investigated the parties complaints and entered a temporary cease

and  desist order against Huna, as well as a notice of intent  to

levy  fines  against  the company and a  notice  of  right  to  a

hearing;  these orders provisionally found the company guilty  of

four  separate proxy violations, directed it to cease and desist,

announced that it would be subject to fines totaling $10,000, and

notified  it  that  these temporary provisions would  become  the

Divisions final order if Huna failed to request a hearing  within

fifteen days.

          Huna  requested  a  hearing to  contest  the  temporary

orders findings, and an administrative law judge was appointed to

hear  the proceeding.  The Division and Huna subsequently entered

into  a  consent  agreement that resolved the  cease  and  desist

orders charges and set out various findings.

          As to two of the four most prominent violations charged

          by the temporary cease and desist order  failing to spell out

SFSs proposed amendment in Hunas proxy solicitation materials and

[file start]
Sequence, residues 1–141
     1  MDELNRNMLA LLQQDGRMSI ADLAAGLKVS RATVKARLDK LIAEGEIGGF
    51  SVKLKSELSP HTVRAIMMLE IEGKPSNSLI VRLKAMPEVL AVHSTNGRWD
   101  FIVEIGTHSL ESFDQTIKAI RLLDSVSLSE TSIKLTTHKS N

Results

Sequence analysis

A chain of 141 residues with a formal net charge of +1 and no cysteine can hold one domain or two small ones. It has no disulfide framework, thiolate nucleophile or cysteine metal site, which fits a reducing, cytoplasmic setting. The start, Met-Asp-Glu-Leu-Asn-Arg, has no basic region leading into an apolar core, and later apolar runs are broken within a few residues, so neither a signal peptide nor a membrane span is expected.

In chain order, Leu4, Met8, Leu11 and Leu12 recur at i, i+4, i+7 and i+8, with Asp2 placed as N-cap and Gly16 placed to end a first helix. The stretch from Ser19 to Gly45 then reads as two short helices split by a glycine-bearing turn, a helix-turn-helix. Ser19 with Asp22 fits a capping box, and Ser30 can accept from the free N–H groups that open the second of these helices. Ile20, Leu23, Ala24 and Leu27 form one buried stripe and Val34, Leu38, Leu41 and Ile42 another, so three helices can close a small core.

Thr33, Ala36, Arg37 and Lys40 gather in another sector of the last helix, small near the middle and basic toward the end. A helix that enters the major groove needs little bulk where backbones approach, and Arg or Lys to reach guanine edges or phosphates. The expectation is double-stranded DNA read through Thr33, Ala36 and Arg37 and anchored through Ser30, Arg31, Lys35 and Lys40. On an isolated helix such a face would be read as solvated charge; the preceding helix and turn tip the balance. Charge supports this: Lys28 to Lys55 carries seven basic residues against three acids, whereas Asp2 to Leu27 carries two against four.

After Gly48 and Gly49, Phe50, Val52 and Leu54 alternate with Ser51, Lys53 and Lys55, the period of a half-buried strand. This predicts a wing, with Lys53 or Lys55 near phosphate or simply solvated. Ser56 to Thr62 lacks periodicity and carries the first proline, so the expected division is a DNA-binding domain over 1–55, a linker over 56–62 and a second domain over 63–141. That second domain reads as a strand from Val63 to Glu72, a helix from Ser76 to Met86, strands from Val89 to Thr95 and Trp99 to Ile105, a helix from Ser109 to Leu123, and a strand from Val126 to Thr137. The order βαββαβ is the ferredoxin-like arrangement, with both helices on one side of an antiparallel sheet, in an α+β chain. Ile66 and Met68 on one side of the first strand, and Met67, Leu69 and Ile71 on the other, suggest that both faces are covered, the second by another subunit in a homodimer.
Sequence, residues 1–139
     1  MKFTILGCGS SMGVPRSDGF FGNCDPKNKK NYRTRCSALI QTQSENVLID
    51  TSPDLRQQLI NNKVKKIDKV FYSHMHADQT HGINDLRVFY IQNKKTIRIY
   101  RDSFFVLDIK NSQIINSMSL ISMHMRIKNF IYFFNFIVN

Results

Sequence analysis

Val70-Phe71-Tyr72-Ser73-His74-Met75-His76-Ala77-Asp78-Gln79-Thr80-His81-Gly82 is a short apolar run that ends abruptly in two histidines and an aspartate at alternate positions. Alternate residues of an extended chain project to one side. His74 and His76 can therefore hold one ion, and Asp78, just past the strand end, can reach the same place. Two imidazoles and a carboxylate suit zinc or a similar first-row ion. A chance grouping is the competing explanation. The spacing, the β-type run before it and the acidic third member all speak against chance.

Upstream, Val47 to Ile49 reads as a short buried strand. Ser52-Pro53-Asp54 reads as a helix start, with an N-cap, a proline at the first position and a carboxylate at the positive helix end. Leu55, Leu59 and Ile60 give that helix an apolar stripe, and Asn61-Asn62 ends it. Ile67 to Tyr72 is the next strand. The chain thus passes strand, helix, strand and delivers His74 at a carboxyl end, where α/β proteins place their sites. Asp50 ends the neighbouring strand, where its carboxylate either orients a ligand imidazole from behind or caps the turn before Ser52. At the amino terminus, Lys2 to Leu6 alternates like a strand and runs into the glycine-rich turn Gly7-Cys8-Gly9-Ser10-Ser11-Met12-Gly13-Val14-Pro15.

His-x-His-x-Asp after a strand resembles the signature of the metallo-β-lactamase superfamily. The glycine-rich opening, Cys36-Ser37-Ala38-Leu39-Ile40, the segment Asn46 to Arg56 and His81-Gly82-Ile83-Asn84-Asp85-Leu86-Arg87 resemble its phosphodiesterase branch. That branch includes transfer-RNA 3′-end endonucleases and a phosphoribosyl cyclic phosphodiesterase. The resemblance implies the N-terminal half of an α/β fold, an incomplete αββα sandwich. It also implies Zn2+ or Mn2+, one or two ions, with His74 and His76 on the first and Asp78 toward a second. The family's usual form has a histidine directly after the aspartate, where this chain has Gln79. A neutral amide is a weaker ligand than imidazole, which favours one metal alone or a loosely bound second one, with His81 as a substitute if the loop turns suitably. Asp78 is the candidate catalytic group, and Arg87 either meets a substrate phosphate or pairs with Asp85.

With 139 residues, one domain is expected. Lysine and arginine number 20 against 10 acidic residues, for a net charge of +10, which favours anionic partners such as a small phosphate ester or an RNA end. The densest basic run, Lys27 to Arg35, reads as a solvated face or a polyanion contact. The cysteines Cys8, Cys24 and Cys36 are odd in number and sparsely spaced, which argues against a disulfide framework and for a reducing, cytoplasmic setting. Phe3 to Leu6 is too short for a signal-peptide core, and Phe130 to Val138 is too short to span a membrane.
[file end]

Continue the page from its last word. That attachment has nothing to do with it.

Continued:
failing to provide a box in the proxy for shareholders to specify

their voting preference  the consent decree set out the Divisions

finding  that Huna had committed these violations but  had  acted

inadvertently.   As  to  the cease and desist  orders  two  other

prominent  charges  alleged misstatements in two election  flyers

(the  Know  the  Facts and Code of Conduct flyers)   the  consent

decree  expressly provided that, in the interest  of  settlement,

the  Division agreed not to pursue these allegations.  And as  to

all other alleged violations, the decree stated that the Division

found  these  allegations to be either factually  unsupported  or

insufficiently material to warrant further action.   The  consent

decree  specifically declared itself to be a final settlement  of

Hunas  liability; it further specified that it  would  remain  in

full  force  and  effect and be binding until it  is  amended  or

vacated  by  further  order of the Administrator  or  the  mutual

agreement of the parties.

          After  the consent decree was entered, Brown  moved  to

reopen  the  dormant superior court case and asked  for  judicial

notice of the consent decree and the Divisions findings of  fact.

The  superior court granted the motion in part.  While  declining

to  take  notice  of the Divisions findings of  fact,  the  court

lifted  the stay, directed the civil action to proceed, and  took

judicial  notice  of the decree as the Divisions final  decision,